My latest article has been posted on AlterNet, We Don’t Need Religion to Have Morality. In it, I argue that morality is real, objective, and not dependent on theistic belief, and I explore the basis for this view and imagine what effect it could have on society if it were more widely adopted. To those who’ve read my essay on morality at Ebon Musings, this will be familiar ground, but I touch on a couple of new points as well. Read the excerpt below, then click through and see the rest!
The most common stereotype about atheists, the most common reason why religious people fear and distrust us, is the belief that people who don’t believe in God have no reason to behave morally. In the view of the planet’s major religions, the way we know what’s right and what’s wrong is that God tells us so, and the reason we follow the rules is because we fear divine retribution if we break them. This worldview is simple and emotionally satisfying and to those who believe it, it’s a natural implication that a person who no longer believes in God has no reason not to indulge their every selfish desire.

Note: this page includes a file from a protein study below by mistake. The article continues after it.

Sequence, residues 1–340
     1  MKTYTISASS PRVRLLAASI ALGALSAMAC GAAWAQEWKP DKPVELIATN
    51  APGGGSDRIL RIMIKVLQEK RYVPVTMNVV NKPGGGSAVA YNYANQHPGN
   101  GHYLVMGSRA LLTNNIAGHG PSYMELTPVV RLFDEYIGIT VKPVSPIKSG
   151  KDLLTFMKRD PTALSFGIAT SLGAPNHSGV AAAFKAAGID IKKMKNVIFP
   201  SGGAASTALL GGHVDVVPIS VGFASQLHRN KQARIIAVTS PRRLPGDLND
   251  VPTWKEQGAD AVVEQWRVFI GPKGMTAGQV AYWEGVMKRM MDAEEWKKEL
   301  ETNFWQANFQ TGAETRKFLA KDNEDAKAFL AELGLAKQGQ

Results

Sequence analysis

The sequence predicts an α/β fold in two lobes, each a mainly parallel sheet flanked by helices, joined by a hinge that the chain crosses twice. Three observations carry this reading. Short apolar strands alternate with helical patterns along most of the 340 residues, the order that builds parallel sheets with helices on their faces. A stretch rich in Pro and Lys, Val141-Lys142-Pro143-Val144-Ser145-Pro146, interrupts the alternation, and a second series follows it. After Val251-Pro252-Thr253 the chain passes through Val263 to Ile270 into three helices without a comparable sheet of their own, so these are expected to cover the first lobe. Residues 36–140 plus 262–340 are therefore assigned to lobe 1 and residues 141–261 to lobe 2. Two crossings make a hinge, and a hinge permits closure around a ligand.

Again, atheists are a diverse bunch. There are some who would argue that morality is just an opinion, a mere matter of taste, like preferring vanilla ice cream to chocolate. But I reject this view, just as I reject the view that morality can only come from obeying what people believe to be God’s will. I believe that morality is real, that it’s objective, and that it’s a thoroughly natural phenomenon that’s perfectly compatible with a worldview that includes nothing spooky, mystical, or supernatural.